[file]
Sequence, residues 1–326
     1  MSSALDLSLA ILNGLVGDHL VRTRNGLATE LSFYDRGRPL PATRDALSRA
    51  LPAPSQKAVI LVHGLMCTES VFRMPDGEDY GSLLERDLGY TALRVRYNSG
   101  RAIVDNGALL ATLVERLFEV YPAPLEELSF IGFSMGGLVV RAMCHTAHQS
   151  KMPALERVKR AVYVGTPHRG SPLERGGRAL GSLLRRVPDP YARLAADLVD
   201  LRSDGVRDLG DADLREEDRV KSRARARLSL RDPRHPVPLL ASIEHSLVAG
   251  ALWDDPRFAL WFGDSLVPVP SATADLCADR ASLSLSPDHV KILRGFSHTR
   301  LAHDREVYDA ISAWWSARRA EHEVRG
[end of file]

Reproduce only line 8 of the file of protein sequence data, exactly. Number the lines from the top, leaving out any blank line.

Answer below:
   301  LAHDREVYDA ISAWWSARRA EHEVRG